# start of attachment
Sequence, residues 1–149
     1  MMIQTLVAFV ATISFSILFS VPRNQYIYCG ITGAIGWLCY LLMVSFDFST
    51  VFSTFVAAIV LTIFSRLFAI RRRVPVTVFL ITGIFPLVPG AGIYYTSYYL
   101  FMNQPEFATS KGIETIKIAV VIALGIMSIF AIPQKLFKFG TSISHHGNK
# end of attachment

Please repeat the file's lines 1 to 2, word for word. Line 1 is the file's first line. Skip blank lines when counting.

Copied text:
Sequence, residues 1–149
     1  MMIQTLVAFV ATISFSILFS VPRNQYIYCG ITGAIGWLCY LLMVSFDFST